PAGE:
As luck would have it I couldn't get access to the internet and so the proverbial glow worm of my screen remained in the dark. The two other reviewers were able to silently tweet away however. I started to consider how I felt in my capacity of reviewer where I normally give my full attention to the story unfolding on the stage. This notion that tweeting micro reviews as the play happened live felt decidedly wrong. I felt very distracted and disengaged with the play even though wasn't actually able to tweet. I believe the opposite is supposed to happen and that one's appreciation is heightened. I'm not sure I buy into that one.

At the interval two old lady members of the audience made their way across the back wall seating and pointedly asked the 'seat tweeters' what they were doing having their mobiles on during the play. The young women politely answered that they had been asked by the Playhouse to try out this new approach to theatrical promotion. The old ladies were not happy and proposed to complain to the management.

In October 2014 Daily Telegraph journalist Rupert Christiansen wrote a highly critical piece about 'tweet seating' a phenomenon that appears to have come from the USA. It was instigated to help flagging audience sales for plays that were not star led or big popular musicals. He considered the tweeters as sad souls who can't spend a second away from their smart phones for a nano-second and who want to send their Twitter followers a blow by blow account of the progress of the show. Further, he considered this as another 'concession to barbarity' and further evidence of a catastrophic decline in the etiquette of audience behaviour.

The reality of disengaged and disruptive behaviour at the theatre isn't a new phenomenon. There have been records of disruption in theatres through the ages, including actual fights taking place between audience members. However, for the last fifteen years, on top of people talking during the show and rustling their crackling bloody sweet papers, the mobile phone has added to the frustrations of genuine theatre lovers who go to be entertained and escape. Kev Castle, a fellow reviewer in Nottingham recently reported his disgust at five mobiles going off in the course of an hour during a new studio based one man show. One male member of the audience even answered their phone mid performance and loudly exclaimed “ I'm at some play. It'll be over soon. I'll call you back!” Imagine tweeting a mid show tweet about that! You would feel equally complicit and equally rude.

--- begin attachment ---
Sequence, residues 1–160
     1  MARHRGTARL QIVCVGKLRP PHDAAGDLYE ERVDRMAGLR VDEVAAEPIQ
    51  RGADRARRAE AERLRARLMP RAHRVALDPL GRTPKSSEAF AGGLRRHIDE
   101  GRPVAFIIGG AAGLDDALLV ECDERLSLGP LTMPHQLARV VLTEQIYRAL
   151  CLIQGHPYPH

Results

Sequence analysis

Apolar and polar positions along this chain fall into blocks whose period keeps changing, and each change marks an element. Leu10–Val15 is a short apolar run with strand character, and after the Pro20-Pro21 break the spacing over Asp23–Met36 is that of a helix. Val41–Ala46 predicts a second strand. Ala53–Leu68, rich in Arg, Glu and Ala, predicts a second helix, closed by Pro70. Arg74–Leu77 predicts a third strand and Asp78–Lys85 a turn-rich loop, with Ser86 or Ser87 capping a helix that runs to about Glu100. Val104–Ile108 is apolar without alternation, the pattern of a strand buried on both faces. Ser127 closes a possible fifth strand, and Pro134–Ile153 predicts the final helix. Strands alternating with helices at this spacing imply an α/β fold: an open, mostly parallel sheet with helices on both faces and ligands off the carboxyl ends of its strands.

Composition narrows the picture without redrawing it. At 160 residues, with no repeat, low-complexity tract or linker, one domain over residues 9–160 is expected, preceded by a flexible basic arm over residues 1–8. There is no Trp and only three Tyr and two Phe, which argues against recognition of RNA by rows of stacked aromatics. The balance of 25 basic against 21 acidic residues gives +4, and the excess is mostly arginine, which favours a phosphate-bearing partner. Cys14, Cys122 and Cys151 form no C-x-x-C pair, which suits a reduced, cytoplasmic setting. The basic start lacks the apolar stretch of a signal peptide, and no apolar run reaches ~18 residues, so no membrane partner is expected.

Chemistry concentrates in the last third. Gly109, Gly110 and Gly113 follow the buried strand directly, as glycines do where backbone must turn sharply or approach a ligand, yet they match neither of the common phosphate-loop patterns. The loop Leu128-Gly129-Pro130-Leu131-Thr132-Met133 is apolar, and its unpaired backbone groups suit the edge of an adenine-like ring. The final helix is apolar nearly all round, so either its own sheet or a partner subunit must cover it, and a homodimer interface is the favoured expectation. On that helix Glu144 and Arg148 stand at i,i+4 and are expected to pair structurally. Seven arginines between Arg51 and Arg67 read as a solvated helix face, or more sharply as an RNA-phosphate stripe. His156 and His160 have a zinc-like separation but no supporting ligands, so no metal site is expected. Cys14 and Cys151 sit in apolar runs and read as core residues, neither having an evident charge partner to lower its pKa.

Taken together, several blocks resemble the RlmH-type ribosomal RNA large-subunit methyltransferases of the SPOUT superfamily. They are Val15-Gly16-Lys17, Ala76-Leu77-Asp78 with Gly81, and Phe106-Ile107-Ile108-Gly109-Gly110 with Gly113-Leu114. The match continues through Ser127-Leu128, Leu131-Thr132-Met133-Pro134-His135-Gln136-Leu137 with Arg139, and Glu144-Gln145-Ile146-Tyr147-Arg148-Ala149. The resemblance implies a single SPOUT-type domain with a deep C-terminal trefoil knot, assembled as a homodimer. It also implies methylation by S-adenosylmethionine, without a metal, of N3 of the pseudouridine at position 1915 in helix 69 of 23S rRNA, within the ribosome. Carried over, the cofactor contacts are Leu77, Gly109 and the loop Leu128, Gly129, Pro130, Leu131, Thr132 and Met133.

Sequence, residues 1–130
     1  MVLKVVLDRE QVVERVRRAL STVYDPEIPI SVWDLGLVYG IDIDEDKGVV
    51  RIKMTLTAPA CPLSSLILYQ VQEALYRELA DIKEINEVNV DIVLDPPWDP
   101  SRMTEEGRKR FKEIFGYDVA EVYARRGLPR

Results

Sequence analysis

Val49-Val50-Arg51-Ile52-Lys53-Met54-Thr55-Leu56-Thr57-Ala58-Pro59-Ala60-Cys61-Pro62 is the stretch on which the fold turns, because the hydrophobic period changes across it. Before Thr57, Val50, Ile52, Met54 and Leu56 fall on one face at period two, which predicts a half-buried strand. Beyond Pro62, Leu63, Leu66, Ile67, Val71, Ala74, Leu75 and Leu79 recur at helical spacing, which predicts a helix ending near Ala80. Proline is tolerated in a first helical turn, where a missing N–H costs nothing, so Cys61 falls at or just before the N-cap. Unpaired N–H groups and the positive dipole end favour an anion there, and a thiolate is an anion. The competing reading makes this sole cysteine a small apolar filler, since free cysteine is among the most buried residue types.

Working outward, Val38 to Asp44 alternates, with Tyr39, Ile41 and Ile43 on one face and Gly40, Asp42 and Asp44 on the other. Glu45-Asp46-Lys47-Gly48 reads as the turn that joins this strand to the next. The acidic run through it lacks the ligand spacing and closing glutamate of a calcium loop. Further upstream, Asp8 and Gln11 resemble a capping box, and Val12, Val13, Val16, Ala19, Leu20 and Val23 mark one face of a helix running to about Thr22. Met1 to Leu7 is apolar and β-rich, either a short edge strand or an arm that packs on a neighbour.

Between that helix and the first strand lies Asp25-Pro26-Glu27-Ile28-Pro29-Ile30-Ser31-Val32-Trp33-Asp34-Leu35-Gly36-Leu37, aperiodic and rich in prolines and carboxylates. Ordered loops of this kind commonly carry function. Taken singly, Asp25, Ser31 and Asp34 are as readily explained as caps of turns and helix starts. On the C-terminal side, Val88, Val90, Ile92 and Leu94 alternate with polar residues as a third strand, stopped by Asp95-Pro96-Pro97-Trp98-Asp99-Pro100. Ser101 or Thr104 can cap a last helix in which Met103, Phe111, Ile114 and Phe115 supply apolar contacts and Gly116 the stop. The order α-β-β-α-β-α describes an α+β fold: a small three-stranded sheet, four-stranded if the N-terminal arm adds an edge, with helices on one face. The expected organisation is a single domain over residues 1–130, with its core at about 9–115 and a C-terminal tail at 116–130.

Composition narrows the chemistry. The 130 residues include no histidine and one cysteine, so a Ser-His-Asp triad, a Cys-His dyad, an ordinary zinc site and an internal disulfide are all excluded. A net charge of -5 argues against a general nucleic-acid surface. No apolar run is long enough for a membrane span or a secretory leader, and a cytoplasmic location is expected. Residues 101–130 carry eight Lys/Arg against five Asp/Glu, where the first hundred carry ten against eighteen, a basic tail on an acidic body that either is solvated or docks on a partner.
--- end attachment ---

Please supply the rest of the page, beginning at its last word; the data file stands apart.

Even as far back as 2009 The Guardian's Ruth Jamieson was asking if we should be tweeting during a performance. She had the opinion that is was OK as long as there are no spoilers. My opinion is that whilst there may be eleven characters trying to tell a story on the stage should you be trying to distil theatrical intent into a Twitter led one hundred and forty character opinion? The use of mobile phones in the auditorium isn't just a young generational thing either. I have seen little rectangular beacons light up from all ages as people check their latest emails and such. Where is the respect for the play and the performers?